Controversy erupts over the shooting of a dog in Alton

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ALTON, IL (KPLR) - After the City of Alton, Illinois's animal control department was cut due to budget issues, the responsibility was given to the city police department. While the transition officially occurs August 1, the animal control officer is on vacation until July 31, effectively ending animal control coverage for the city.

On Monday (July 20) a beloved family pet was shot and killed by two Alton police officers sparking outrage on social media. Protestors gathered outside City Hall Wednesday (July 22) to express their anger over the city council's decision to eliminate the animal control department.

The dog at the center of this incident is Buster, a 15-year-old boxer/pit bull mix belonging to the Harris family. Richard Harris said his dog would sometimes leave the fenced in yard and wander to the neighbors' homes. Sunday morning (July 19), Harris discovered Buster was gone from the yard.

Harris said when Buster didn't return by Monday morning, he called the Alton Police Department to report his pet was missing. He said he provided a description of Buster along with a microchip number and Harris' contact information.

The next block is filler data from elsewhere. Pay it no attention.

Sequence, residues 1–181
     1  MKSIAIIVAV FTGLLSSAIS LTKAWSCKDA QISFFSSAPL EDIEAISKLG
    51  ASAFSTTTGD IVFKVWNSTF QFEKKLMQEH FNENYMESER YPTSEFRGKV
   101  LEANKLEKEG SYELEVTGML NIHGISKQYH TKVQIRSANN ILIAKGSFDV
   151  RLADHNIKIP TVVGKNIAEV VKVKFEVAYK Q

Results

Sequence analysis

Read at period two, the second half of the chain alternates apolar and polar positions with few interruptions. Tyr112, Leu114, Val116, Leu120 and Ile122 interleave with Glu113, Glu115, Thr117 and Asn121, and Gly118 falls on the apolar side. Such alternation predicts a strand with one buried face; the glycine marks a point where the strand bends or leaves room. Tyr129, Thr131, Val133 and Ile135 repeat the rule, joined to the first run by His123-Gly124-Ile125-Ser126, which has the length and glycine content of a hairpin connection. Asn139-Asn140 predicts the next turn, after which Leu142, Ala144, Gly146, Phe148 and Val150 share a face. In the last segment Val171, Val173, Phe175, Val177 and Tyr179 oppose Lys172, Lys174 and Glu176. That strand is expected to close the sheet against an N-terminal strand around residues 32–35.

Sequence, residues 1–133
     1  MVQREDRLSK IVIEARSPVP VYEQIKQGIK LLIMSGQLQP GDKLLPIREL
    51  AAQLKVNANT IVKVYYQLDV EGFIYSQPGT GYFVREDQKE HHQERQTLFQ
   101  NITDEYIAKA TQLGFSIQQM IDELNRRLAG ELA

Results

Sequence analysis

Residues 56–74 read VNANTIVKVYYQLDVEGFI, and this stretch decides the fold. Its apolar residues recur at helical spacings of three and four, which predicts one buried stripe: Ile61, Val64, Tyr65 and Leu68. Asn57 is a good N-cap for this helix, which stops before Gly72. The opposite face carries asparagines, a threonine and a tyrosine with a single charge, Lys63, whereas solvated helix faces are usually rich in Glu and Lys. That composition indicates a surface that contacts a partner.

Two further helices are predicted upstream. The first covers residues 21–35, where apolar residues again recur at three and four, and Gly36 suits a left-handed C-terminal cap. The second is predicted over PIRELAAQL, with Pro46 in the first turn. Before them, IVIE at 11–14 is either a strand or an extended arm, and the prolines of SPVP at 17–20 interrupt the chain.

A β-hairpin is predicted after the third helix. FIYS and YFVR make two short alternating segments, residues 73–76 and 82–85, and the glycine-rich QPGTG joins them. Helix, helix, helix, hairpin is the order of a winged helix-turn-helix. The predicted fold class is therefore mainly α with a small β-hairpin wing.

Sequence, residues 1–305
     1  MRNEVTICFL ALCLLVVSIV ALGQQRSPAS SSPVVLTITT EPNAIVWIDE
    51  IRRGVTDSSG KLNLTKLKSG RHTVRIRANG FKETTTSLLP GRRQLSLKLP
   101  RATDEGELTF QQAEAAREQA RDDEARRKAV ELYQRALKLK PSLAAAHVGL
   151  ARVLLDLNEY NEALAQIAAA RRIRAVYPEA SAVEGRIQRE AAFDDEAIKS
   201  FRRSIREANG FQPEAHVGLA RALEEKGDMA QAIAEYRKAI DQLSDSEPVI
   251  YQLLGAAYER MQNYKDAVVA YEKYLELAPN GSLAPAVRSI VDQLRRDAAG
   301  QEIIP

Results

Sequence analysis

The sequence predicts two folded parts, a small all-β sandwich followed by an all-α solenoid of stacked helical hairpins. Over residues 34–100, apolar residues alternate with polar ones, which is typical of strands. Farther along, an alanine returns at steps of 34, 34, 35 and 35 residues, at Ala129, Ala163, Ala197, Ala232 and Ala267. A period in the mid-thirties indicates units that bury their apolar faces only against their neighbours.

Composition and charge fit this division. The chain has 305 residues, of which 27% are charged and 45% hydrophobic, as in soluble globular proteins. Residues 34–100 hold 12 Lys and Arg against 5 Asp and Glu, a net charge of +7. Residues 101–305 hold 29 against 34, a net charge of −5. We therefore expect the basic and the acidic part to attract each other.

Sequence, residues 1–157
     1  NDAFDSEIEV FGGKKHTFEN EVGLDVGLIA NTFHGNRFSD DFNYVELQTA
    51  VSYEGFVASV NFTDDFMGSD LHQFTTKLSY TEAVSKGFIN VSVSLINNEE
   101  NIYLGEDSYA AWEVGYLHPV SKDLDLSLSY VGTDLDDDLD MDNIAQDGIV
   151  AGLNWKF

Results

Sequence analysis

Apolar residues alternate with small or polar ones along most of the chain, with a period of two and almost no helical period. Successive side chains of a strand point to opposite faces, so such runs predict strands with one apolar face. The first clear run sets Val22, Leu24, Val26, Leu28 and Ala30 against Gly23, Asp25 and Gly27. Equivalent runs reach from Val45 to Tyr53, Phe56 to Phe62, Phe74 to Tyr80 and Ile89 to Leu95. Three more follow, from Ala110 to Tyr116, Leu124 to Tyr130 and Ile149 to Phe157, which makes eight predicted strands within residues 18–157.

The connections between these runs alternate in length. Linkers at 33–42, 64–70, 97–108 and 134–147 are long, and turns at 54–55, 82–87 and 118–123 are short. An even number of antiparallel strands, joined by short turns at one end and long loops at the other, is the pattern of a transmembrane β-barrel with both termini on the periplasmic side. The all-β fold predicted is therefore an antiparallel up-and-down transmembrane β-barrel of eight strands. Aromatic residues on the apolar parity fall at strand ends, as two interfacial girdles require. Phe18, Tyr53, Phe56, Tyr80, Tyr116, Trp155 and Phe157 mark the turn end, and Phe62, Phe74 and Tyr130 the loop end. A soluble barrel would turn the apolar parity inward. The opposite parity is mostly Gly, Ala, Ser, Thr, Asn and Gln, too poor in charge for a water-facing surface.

Monday afternoon, Alton police responded to a call about an aggressive injured dog outside the Family Dollar in town. The dog was loaded into the police vehicle and driven to the Public Works building, where, according to a police report, Buster became increasingly aggressive.

Buster's body was then taken to a local veterinarian's office where a microchip was discovered and the Harris family was notified Buster was gone.

According to Jackie Spiker, co-founder of Hope Animal Rescues, the officers violated state law.

"They should have picked up the animal, taken it immediately to a vet and scanned for a chip so that a proper owner could have been found and that owner could have made the decision as to what to do with their property," said Spiker. "That is the law. That's also common sense."

"We know what our protocol has been up to this point," said Emily Hejna, public information officer for the Alton Police Department. "We were presented yesterday with some law saying something that might contradict what what we have been using as practice."

Hejna acknowledged the police department will need additional training about the community resources available to officers to prevent situations like this from happening again.

In late news from the Alton City Council meetings, the council voted to reinstate the city’s animal control officer.